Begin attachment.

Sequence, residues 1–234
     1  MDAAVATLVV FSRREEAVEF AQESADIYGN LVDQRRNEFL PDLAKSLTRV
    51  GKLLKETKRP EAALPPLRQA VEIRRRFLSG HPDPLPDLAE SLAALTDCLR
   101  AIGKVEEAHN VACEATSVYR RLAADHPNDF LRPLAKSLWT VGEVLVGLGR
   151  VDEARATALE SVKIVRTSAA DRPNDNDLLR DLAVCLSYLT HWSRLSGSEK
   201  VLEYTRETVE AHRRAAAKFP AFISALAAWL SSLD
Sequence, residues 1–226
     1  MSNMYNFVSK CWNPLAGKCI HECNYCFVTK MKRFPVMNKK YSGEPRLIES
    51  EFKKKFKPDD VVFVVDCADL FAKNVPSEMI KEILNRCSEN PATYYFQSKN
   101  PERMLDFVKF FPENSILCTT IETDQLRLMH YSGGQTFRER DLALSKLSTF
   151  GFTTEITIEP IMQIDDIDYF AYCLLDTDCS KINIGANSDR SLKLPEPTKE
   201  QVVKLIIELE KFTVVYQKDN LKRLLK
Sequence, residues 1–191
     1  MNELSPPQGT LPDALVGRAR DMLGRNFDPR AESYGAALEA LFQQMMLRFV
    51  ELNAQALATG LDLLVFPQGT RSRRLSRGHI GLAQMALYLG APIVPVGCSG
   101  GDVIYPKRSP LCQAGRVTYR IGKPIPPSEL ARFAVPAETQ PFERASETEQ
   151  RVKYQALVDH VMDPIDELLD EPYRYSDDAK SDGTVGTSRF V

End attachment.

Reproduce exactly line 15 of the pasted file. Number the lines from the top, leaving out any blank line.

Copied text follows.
    51  ELNAQALATG LDLLVFPQGT RSRRLSRGHI GLAQMALYLG APIVPVGCSG